October 4, 2017 / 9:22 AM / 2 years ago

ADB sees Azeri economy shrinking by 1.3 percent, inflation at 14 percent in 2017

TBILISI (Reuters) - The Asian Development Bank (ADB) sees the economy in oil-rich Azerbaijan contracting by 1.3 percent this year mainly due to declining oil production, but returning to growth in 2018, the bank’s local manager told Reuters.

The ADB’s previous estimate for Azerbaijan’s gross domestic product (GDP) growth in 2017 was a 1.1 percent contraction.

“Lower GDP growth is largely due to declining oil production: in the first half of 2017 oil production fell by 9.0 percent, far exceeding the 0.4 percent slide in the same period of 2016,” Nariman Mannapbekov said in e-mailed responses to Reuters questions.

The slide in the price of oil, which with gas accounts for about 75 percent of the state revenues and 45 percent of gross domestic product, has hit growth, the budget, the balance of payments, the manat currency and foreign exchange reserves.

Azeri GDP declined 1.4 percent year on year in the first half of this year, and Moody’s said last month it expected Azerbaijan’s economy to contract for a second consecutive year in 2017. Azeri GDP shrank by 3.8 percent last year. The government expects the economy to grow by 1 percent this year.

“Growth resumption is expected in 2018 with the onset of production from the Shah Deniz gas field and some recovery of activities by the private sector,” Mannapbekov said, adding that growth forecast for 2018 was 1 percent.

He praised some positive developments in the non-oil sector, but said that banking sector restructuring, growing public debt, and inflation remained among the short-term challenges.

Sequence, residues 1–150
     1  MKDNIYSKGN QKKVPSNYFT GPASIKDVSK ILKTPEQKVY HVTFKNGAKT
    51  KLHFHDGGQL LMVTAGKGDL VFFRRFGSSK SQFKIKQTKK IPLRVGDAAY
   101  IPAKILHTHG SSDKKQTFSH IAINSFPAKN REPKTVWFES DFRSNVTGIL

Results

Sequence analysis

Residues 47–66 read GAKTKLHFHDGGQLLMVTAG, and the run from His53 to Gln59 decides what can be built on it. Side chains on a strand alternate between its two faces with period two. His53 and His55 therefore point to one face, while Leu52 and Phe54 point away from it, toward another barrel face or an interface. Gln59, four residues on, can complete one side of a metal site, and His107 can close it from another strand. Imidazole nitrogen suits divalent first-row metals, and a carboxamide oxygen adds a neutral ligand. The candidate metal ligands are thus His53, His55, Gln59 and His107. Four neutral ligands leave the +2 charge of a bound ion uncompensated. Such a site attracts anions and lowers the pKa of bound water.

The ADB, one of the major lenders to Azerbaijan, expects annual inflation to accelerate to 14 percent this year, up from an earlier estimate of 9 percent, and to slow to 10 percent in 2018 with a more stable currency and in the absence of utility tariff increases.

Annual average inflation stood at 14.0 percent in the first eight months of 2017, mainly due to a 16 percent rise

in electricity tariffs.

With inflation rising, the central bank maintained its policy rate at 15 percent.

“CBA is rightly not reducing the refinancing rate,” Mannapbekov said.


Mannapbekov said that the banking sector stabilised after creditors restructured $3.3 billion in foreign obligations of the state-owned International Bank of Azerbaijan (IBA) in return for government bonds.

“However, a robust trend in lending still needed to be seen,” he said.

According to the central bank, lending has declined by 39 percent since the beginning of 2016 up to July 2017.

“It seems that the level of non-performing loans has reached its bottom and some capitalised banks are making initial efforts to gradually build-up their loan portfolios,” Mannapbekov said.

He said the ADB was still in the process of considering providing financial assistance to improve the railway sector in Azerbaijan. Such help might amount to $400 million.

“However, no decision has yet been made and we have not reached the loan negotiations stage,” Mannapbekov said.

The ADB disbursed a $500 million countercyclical support facility loan last December to help Azerbaijan tackle economic and social issues, mitigating the adverse impact of a decline in oil prices.

Editing by Toby Chopra

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